Chilean authorities are concerned of potential increasing migration through Peru to Chile, reports Ex-Ante.
“The Colombian Attorney General's Office warned this Wednesday, March 22, of the discovery of an antipersonnel mine very close to one of the routes that migrants usually use through the Darién Gap to Panama,” reports El Pitazo.
A migrant caravan of 1,500—principally Venezuelans, Ecuadorians, Hondurans, Guatemalans, Salvadorans, Haitians, and Africans—departed for the US from Tapachula on March 25th, driven by a lack of success with the CBP One app. (La Vanguardia)
Mexico’s migration authority has confirmed that it will permit transit through the country for those from Venezuela, Haiti, Cuba, and Nicaragua that have appointments with US authorities confirmed by CBP.
Borders and Enforcement
🇺🇸 United States
“U.S. authorities have been flying migrants caught illegally crossing the U.S.-Canada border to Texas as part of a deterrence effort to tackle a rise in crossings,” reports Reuters.
The Intercept highlights the construction of a “virtual wall” between the US and Mexico and the newly disclosed locations of high-tech surveillance towers made public by the Electronic Frontier Foundation. The towers have been criticized by some for privacy concerns.
🇩🇴 Dominican Republic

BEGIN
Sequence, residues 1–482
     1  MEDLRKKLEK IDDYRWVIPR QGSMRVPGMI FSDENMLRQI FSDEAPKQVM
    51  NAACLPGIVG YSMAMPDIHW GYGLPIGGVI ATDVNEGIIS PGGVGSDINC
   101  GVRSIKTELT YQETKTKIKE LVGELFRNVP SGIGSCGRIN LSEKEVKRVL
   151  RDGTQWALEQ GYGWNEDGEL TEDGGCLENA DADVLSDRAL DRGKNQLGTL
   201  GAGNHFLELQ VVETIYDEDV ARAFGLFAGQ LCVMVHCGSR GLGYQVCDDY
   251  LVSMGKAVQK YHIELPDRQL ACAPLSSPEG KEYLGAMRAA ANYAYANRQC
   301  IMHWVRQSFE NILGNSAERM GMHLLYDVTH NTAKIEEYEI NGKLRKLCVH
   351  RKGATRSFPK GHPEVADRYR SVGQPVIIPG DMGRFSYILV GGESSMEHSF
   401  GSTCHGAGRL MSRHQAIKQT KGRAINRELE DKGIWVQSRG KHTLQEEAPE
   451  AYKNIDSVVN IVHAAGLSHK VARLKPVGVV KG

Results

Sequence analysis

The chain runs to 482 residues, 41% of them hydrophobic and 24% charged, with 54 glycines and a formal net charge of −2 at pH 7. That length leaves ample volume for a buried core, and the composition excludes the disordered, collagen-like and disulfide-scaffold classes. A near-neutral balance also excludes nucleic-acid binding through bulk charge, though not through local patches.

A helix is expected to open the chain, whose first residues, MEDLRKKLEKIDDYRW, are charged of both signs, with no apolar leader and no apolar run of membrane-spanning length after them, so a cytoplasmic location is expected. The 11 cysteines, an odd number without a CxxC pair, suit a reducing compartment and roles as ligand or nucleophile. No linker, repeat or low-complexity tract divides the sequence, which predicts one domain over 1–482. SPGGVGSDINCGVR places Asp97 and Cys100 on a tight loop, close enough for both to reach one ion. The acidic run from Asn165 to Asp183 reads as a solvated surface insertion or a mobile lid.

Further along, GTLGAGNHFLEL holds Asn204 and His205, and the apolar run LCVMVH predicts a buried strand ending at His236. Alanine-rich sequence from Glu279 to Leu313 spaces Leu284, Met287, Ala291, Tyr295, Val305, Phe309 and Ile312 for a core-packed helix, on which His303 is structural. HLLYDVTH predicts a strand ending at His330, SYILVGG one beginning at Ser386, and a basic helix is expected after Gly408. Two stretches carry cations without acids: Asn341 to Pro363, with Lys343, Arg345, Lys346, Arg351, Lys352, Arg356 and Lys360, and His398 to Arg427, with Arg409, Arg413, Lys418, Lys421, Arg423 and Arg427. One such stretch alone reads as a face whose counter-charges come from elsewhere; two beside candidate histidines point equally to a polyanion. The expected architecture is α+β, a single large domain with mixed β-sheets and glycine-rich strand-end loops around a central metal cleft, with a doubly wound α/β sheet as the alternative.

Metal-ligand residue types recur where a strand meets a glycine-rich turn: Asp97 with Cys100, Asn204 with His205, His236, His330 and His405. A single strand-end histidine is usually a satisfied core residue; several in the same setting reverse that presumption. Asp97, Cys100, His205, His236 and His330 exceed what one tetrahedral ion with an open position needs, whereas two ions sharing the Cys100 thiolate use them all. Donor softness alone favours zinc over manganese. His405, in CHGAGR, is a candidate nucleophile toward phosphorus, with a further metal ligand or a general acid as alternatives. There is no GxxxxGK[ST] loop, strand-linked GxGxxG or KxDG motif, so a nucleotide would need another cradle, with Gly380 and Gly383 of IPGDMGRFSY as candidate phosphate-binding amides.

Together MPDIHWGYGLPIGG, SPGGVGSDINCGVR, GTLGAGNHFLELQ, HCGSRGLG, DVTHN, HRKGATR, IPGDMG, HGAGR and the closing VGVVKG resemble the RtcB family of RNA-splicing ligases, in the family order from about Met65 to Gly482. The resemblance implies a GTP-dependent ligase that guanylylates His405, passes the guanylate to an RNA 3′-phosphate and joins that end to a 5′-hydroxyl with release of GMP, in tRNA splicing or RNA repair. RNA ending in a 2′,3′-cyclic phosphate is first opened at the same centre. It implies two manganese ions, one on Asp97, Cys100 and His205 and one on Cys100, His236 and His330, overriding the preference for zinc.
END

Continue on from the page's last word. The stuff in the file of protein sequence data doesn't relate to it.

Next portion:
France24 highlights stories of those losing their homes due to border wall construction along the DR-Haiti border.
With the country’s population growing by over 1 million last year, “Canada has seen a record boom in its population, with Ottawa citing higher immigration targets and a ‘record-breaking year for the processing of immigration applications’ as being responsible for the increase,” according to Al Jazeera.
“Independent means” visas for retirees and pensioners are becoming increasingly prevalent in Panama, reports IMI, additionally noting that one in six visas granted in the country over the last six years are investor visas.
More on Migration
IOM highlights the impact of water-related environmental disasters, such as droughts and hurricanes, on migration.
🇲🇽🇺🇸 United States and Mexico
“Remittances to Mexico have been booming in recent years due to new migration to its northern neighbor but at least $4.4 billion of such transfers could be linked to criminal activity,” reports Bloomberg.
🇧🇴🇨🇱 Chile and Bolivia
Remittances sent from Chile to Bolivia have increased 330% over the last decade, reports InfoMigra.
🇱🇨 Saint Lucia
Saint Lucia officials are concerned about human trafficking in the country, reports The Voice, noting that the adult entertainment industry is a contributing factor.